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Learn Why It Is Important to Schedule Regular Dental Check-ups for Your Child

Updated on December 7, 2016

Learn Why Early Dental Care is Important for Infants and Toddlers

Did you know that you should begin good dental hygiene as soon as your baby is born? I remember my pediatrician telling me during one of my child's well child appointments that I should be taking a wet rag and wiping my child's gums to help clean the bacteria out of the mouth. My child didn't even have any teeth yet so I was kinda confused by the doctor's statement.

As a parent it is my responsibility to take care of my baby's teeth so that my child doesn't lose their teeth prematurely or have a mouth full of cavities. Once your child gets their baby teeth in, you should begin brushing their teeth at least twice a day. Also, you should start taking your child to the dentist once they have their very first tooth or by their first birthday which ever is sooner.

It is important to make sure that you schedule your child's first visit and follow any care that the dentist recommends. During regular check-ups the dentist can exam your child's mouth and catch any problems early on. Plus, it gets your child in the habit of seeing a dentist and makes them less prone to have anxiety at the thought of going to the dentist.

Reasons Why Early Dental Care is Need for Infants and Toddlers

I know it seems silly to take your child to the dentist at an early age and you are probably wondering why a baby even needs routine dental care. Here are some reasons why it is important for your child to see the dentist on a regular basis:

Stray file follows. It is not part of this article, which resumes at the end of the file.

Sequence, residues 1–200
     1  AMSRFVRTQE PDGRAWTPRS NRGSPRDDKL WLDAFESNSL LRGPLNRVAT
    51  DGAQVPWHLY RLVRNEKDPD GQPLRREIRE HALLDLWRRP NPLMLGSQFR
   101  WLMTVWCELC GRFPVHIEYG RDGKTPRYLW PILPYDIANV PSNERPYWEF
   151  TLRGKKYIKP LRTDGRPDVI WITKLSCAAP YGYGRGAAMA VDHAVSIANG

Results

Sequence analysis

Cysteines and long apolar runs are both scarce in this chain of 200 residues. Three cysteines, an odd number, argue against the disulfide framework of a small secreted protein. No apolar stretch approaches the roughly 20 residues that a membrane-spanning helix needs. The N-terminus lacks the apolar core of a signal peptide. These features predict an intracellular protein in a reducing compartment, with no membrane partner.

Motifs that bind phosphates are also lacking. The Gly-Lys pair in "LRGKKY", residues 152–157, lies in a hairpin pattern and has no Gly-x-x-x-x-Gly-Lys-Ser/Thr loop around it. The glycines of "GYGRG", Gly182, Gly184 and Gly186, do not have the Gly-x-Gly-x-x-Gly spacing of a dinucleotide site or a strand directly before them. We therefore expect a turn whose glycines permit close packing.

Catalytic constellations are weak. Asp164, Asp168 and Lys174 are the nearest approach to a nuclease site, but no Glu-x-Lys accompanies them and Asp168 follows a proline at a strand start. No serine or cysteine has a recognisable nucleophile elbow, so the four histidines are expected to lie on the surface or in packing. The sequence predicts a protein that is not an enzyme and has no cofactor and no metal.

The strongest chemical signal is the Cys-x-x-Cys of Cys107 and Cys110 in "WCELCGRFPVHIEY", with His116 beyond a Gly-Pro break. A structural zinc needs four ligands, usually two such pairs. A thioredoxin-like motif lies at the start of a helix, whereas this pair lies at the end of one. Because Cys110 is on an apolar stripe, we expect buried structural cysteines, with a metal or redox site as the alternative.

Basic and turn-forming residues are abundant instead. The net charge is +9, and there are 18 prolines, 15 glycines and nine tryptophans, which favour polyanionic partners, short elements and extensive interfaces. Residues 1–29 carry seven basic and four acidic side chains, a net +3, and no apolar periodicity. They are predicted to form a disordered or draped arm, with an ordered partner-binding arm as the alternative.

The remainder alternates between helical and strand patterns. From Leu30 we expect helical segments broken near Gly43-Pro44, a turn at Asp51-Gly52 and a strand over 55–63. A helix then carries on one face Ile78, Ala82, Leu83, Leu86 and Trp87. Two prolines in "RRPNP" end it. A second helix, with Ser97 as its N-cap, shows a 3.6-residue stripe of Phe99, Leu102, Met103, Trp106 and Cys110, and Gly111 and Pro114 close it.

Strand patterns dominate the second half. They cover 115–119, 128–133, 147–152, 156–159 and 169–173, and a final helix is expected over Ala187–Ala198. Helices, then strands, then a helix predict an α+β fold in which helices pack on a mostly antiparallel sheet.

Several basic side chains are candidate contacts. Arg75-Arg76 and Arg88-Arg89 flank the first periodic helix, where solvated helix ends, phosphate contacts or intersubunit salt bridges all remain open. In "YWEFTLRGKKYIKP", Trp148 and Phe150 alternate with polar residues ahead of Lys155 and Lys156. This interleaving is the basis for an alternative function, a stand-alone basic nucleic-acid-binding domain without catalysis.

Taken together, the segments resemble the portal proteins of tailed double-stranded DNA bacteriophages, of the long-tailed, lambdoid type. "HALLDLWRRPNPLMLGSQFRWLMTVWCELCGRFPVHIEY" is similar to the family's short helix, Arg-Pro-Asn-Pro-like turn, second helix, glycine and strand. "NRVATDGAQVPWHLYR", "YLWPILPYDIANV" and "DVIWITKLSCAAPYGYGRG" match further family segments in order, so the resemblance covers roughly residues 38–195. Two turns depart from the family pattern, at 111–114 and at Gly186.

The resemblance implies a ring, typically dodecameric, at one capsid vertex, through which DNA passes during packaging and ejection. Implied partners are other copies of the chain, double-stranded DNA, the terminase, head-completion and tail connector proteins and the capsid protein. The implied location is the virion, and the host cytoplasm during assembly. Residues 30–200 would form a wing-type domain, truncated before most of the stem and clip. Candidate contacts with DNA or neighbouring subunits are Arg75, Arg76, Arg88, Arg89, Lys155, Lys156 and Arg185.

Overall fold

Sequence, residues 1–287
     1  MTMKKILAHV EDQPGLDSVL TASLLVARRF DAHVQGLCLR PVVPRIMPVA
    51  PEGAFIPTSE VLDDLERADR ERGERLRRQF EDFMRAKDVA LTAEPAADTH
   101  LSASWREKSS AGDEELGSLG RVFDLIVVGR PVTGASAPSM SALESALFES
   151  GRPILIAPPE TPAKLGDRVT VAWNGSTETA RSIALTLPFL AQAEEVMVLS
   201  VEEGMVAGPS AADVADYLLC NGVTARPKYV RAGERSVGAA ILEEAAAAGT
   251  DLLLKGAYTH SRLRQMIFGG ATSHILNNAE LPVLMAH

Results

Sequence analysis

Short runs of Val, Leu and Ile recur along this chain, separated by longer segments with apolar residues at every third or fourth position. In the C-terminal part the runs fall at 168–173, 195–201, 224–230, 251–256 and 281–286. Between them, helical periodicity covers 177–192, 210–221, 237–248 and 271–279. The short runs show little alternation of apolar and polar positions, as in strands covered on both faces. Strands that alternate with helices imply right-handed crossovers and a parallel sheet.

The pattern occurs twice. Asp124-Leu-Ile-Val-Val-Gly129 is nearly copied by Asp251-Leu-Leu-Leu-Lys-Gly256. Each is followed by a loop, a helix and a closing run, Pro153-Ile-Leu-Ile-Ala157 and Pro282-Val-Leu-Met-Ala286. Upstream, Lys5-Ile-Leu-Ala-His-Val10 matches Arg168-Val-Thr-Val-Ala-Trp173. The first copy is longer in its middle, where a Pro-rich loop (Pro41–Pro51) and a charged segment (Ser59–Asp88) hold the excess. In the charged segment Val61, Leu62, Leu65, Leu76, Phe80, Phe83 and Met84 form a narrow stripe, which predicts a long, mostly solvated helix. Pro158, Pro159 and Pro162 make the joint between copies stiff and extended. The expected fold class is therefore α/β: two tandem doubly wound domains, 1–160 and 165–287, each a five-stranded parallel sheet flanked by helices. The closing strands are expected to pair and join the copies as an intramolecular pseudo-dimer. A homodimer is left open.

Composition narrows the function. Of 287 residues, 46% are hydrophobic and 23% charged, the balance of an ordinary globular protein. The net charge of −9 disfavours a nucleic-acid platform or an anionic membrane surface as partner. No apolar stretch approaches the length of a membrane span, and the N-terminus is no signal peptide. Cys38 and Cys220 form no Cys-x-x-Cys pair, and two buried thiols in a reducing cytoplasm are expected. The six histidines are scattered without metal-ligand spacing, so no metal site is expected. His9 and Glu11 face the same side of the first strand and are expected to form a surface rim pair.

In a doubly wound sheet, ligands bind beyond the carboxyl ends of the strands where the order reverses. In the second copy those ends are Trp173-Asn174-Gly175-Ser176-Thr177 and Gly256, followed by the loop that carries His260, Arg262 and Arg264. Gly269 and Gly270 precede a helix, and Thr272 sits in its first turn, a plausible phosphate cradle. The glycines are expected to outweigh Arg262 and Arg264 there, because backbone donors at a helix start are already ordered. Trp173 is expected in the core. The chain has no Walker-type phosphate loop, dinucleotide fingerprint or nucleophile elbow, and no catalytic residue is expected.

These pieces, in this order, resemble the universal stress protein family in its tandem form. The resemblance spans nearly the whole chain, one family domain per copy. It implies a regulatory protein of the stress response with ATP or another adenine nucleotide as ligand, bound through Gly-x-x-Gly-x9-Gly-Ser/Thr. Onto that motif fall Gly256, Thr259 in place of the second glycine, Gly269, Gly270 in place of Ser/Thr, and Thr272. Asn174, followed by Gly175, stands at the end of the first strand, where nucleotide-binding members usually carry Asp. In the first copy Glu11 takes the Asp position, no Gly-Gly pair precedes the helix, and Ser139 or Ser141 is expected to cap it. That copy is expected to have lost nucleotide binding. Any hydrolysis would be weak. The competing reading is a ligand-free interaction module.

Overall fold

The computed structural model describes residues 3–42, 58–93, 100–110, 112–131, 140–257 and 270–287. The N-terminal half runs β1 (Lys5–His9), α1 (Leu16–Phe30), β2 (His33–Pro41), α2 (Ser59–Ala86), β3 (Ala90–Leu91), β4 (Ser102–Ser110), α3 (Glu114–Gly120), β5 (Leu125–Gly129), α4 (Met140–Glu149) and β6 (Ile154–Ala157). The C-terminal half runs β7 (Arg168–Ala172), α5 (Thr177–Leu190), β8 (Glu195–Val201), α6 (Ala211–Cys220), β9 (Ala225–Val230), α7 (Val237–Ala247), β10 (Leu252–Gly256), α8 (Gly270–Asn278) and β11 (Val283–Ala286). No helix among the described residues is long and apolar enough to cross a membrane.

• Start a prevention program
  • Your dentist can determine if your child suffers from Early Childhood Caries (aka bottle tooth decay or decay from breastfeeding)
  • Decay starts as soon as your child takes their first bite of food.
  • Healthy teeth help your child chew easier.
  • Your baby's teeth are responsible for a confident smile.
  • Provides your child with a lifetime of healthy dental care.

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When Should I Start Brushing My Child's Teeth?

Like I mentioned earlier, as soon as your baby is born you should wash their mouth out using a washcloth and water. As soon as your child gets their very first tooth, you should begin brushing their teeth with an infant sized soft toothbrush and a smear of fluoride toothpaste. You just need a tiny amount on the tooth brush so that they aren't swallowing very much. It is very important that you brush their teeth twice a day.

Once your child turns 2 years old, then you should begin putting a pea sized amount of fluoride toothpaste on your child's toothbrush. It is important to teach your child not to swallow the toothpaste and how to properly brush their teeth. If your child insists on brushing their own teeth, it is perfectly acceptable to let them do it themselves first and then go over their teeth to make sure that they brushed them properly. They don't have the knowledge or capability to brush their teeth correctly so it is important that you help them until they are 5 years old.


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Why is it Important to Take Care of Your Baby's Milk Teeth?